They may not have insurance or pensions, but self-employed workers are a happy lot, according to the latest findings from the national statistics office CBS.
A report published on Tuesday found that 80% of self-employed sole traders (zzp’ers) are not covered by incapacity insurance.
A full 70% of them said the insurance was simply too expensive. A further 25%, mostly aged 55 and over, said they could afford to cover the risks themselves, while roughly 20% said they could rely on their partner’s income for a while.
The CBS said just 20% of the 873,000 self-employed in the Netherlands carried incapacity insurance, while about 10% bought an annuity.
The CBS said separately that only a quarter of the self-employed have taken measures to secure retirement income, though the proportion for women is one in three.
Most said they could not afford a pension and about 20% said retirement was too far away to consider a pension. A small minority were relying on their partner’s pensions for retirement income.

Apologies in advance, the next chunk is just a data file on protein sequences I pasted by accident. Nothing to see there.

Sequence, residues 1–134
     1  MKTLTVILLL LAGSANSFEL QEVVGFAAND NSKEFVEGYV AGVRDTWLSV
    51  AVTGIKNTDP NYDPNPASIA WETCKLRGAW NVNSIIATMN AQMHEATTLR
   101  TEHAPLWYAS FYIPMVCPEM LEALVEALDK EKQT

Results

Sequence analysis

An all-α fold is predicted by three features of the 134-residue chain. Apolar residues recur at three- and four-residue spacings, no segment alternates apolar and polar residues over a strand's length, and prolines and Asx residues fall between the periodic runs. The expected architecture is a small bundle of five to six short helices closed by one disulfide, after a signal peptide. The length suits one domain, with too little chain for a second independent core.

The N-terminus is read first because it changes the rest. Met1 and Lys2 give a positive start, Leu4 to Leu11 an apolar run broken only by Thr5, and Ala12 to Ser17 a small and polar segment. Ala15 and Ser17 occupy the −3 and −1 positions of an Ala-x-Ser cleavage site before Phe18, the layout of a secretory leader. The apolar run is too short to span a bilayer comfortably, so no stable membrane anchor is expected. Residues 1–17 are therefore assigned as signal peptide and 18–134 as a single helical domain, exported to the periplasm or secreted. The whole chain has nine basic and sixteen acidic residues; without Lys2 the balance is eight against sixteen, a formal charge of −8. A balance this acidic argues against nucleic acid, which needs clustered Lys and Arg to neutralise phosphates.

The CBS said 37% relied on savings or investments, while 33% invested in their own homes. Only 27% were tied to a pension scheme.
Nevertheless the self-employed are more optimistic today about their financial situation than they were two years ago, the Financieele Dagblad reported.
The paper said 47% of 6,000 self-employed workers polled by the CBS were happy with their income and work assurance at the begining of 2017, an increase of four percentage points from 2015.
Nearly 66% of all the self-employed were dependent on a single client for their work orders. Most rely on their own networks to acquire new clients and often help each other to find work, the FD said.